Our shock-absorbing ski pole tip
Many skiers who have purchased our competitors shock absorbing roller ski tips (ferrules) found them to be so unreliable that they told us they would never buy them again. We discovered that the unreliability was due to poor design. In order for a rollerski ferrule to be strong and reliable the carbide tip must be firmly embedded in the plastic housing. Why?
Because carbide is extremely hard, stiff, and by nature, very brittle. We tried many different carbide formulations before we found the best compromise between hardness and strength. Next, we had to figure out how to encapsulate the tip in the plastic housing so it would not bend and break. Many manufacturers glue the carbide tip to the plastic, but our experience with bonding was that the carbide-bonding agent was never sufficiently strong and stiff enough to prevent movement of the tip which causes it to snap. We developed geometry between the carbide tip and plastic which has been a bullet proof design for the last fifteen years.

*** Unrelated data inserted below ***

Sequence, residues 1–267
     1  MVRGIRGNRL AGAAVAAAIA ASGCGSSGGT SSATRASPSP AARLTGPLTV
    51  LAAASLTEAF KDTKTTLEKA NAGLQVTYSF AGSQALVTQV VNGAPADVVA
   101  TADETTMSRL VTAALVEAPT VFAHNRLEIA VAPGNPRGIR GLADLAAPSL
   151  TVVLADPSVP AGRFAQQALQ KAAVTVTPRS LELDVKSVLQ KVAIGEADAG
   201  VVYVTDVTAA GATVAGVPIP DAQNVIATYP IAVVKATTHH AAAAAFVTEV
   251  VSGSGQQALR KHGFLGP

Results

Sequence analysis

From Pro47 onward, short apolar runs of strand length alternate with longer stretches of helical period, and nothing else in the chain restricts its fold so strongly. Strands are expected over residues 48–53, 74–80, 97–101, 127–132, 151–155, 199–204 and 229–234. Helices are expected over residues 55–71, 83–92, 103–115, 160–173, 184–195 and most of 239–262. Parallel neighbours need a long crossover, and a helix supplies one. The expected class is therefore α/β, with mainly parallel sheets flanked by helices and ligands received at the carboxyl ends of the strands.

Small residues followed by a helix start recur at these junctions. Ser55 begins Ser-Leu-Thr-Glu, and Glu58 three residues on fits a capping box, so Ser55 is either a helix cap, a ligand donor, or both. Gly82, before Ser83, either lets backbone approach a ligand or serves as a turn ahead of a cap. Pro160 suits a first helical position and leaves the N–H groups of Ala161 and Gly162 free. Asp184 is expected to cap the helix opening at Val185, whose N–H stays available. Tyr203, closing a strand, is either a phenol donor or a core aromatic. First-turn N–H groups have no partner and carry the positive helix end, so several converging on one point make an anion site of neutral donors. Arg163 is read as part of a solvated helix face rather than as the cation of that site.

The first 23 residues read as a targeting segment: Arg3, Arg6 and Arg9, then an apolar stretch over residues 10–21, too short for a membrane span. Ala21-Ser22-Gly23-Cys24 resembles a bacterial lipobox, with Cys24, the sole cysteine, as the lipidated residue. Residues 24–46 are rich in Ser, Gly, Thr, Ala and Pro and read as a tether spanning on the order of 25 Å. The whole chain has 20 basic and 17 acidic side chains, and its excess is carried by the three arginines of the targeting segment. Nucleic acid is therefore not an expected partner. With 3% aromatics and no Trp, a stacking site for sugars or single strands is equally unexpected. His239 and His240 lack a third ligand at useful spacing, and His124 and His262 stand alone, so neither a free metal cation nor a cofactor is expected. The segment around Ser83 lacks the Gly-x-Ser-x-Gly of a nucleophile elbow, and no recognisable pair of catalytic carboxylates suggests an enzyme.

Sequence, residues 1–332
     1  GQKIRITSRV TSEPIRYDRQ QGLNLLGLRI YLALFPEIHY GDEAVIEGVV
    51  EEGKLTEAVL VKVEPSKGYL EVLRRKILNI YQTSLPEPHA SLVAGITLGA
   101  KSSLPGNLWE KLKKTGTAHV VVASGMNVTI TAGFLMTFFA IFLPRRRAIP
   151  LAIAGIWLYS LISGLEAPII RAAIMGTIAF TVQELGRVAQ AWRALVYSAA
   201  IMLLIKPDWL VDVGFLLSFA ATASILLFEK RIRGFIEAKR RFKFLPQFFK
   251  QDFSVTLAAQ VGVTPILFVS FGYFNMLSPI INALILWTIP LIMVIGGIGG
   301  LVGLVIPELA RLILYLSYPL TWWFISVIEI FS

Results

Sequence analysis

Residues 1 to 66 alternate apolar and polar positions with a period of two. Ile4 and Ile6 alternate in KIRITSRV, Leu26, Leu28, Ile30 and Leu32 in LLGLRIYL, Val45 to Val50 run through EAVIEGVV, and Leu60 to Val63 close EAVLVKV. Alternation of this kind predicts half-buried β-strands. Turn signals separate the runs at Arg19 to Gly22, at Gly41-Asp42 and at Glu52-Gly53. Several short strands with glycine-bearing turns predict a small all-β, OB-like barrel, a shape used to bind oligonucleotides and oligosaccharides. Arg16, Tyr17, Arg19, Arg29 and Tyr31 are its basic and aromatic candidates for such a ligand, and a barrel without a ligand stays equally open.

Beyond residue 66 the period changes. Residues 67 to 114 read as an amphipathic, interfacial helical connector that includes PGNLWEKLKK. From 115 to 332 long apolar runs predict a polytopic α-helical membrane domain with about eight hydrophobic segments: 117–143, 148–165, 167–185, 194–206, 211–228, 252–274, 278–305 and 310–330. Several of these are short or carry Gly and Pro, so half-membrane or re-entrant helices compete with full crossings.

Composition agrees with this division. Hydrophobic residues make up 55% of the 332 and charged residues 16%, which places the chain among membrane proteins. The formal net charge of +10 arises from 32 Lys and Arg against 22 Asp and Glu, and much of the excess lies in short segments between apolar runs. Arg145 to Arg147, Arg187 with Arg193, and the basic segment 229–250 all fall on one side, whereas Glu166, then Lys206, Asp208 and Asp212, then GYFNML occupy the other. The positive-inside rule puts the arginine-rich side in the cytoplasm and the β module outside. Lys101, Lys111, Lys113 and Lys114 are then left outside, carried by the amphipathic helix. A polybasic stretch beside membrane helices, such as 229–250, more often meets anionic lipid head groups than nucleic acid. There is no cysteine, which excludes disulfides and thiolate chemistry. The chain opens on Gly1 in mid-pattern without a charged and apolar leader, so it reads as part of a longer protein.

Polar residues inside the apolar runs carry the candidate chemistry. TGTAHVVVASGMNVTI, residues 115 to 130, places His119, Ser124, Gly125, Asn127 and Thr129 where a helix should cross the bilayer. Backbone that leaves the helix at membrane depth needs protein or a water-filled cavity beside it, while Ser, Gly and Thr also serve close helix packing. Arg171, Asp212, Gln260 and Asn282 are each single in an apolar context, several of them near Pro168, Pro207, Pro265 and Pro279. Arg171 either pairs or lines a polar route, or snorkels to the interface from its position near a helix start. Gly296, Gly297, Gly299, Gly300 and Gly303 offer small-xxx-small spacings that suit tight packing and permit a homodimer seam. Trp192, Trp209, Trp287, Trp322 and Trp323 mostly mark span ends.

When we decided to design shock absorbing ferrules we knew from experience that trying to spring load the carbide tip was not the answer. Springs can fatigue, so if carbide is dependent on the spring and the spring fails, the carbide fails as well. We speak to a lot of customers who tell us about problems they experienced with competitors spring-loaded ferrules. A very large number of skiers broke the competitors spring-loaded tips on their first outing. One V2 customer in particular relayed that he had a miserable day trying to ski eight miles back to his car on very hilly terrain with no poles after a competitor’s tips snapped. He swore that he would never use spring-loaded ferrules again. It was only after he realized the logic of our vibration absorbing design that he decided to use the V2 Spring Ferrules. The main advantage of the V2 system is that if the spring mechanism should fail, the reliable carbide tip will remain functional.